SPECIAL REPORT | The pain of the African child
At the crack of dawn, more than two dozen pupils from Waaikraal farms near Delmas in Mpumalanga are getting ready for a gruelling 10km to 22km walk to catch a bus to school.
The debilitating journey along a rutted gravel road takes the pupils into dark and dangerous farmland bushes which they must navigate on their own or hitch a hike from strangers to get to the bus stop on time.
The bus company owner, who did not want to give his name, said he had instead opted for a central pick-up point for all pupils from around the farms after the government refused to pay him for the extra kilometres he travelled to drop off the learners.
Sifiso Skosana was habitually late to school at Mafa Max Motloung High School in Delmas, Mpumalanga, because he had to travel a long distance to catch scholar transport.
On rainy days, Skosana would simply abscond from school because the dirt road he used to get to the bus stop was simply unsafe and muddy.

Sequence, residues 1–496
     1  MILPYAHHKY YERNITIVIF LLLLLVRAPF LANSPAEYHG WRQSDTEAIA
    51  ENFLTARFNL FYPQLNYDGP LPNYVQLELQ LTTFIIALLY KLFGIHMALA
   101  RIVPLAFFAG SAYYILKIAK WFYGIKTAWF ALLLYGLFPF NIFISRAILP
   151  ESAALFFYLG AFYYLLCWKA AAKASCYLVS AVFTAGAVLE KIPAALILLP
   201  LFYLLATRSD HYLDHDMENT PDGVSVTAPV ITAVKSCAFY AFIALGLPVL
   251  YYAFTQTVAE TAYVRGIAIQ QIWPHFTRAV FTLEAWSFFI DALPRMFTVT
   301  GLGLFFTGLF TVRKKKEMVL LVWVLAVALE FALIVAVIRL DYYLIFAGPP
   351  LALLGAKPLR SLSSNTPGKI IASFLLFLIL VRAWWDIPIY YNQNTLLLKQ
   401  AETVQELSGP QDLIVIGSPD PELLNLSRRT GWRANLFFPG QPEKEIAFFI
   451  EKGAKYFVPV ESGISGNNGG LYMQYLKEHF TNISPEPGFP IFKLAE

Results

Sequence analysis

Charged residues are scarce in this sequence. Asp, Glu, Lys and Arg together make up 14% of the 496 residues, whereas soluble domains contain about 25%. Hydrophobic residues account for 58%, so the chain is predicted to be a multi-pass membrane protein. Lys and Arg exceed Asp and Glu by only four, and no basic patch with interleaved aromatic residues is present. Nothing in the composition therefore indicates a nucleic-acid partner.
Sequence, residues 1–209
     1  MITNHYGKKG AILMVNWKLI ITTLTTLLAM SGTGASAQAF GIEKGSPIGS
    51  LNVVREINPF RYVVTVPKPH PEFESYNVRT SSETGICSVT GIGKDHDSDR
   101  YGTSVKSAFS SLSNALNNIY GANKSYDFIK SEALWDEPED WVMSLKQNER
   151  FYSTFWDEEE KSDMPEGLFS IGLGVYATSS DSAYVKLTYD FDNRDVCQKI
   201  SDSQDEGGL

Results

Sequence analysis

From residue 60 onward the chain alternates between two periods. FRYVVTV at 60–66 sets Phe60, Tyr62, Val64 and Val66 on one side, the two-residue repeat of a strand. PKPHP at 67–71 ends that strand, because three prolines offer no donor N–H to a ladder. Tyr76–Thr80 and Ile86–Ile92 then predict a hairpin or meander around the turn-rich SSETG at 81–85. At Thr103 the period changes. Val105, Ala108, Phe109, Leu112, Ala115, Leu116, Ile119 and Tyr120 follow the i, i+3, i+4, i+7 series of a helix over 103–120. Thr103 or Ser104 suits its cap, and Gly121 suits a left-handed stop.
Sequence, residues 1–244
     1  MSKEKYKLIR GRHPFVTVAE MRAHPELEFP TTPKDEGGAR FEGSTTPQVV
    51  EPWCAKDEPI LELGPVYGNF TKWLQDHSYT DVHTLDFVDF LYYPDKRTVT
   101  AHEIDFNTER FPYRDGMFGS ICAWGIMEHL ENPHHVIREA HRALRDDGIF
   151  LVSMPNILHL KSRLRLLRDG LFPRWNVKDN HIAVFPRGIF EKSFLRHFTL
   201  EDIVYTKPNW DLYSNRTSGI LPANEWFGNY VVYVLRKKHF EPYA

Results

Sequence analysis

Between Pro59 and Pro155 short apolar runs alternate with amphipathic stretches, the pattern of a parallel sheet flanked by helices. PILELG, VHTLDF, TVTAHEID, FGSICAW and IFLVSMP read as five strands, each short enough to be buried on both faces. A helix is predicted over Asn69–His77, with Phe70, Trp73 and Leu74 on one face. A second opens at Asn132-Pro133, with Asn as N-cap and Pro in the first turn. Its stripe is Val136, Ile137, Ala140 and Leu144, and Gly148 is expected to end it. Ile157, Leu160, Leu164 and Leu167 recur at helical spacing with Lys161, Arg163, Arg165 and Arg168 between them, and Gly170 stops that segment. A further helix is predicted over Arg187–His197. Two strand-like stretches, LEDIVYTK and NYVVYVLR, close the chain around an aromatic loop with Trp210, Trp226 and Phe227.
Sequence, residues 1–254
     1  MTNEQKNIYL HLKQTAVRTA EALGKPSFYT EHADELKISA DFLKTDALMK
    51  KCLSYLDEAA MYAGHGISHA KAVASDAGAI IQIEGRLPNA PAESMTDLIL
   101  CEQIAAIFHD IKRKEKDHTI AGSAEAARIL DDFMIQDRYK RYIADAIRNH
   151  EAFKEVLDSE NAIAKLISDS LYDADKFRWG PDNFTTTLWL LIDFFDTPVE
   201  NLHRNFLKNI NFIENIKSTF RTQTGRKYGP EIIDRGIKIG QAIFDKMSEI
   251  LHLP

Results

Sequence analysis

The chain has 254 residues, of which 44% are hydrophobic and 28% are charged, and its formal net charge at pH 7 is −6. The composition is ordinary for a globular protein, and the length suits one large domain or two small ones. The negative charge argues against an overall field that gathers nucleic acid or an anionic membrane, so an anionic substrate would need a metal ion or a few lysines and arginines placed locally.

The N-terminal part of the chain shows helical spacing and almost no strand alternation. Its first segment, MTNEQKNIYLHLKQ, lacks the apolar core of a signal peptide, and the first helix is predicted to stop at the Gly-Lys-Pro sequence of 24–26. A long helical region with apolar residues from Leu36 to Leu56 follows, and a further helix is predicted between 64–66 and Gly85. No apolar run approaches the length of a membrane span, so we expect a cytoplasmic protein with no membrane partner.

The Mpumalanga department of public works, which is responsible for providing scholar transport, says pupils from Dorsfontein and Eisterfontein farms were not on the scholar transport list submitted by the department of education.
It is investigating why the bus company it contracted is not adhering to the agreement to pick up all pupils.
The department spokesperson, Cyrill Dlamini, said the department is currently engaging with the Gauteng government after realising that the children were not on their list.
Would you like to comment on this article or view other readers' comments? Register (it’s quick and free) or sign in now.
Please read our Comment Policy before commenting.